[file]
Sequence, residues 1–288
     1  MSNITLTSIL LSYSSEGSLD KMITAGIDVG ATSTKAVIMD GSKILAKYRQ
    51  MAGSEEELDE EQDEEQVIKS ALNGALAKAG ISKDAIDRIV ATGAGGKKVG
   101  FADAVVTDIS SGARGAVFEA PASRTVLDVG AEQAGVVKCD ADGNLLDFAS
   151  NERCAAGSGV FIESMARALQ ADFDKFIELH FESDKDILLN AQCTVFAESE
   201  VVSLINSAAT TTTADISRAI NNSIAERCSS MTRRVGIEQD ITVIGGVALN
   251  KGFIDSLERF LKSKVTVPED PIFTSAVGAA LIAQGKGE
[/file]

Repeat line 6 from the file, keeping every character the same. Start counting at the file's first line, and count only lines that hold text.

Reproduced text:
   201  VVSLINSAAT TTTADISRAI NNSIAERCSS MTRRVGIEQD ITVIGGVALN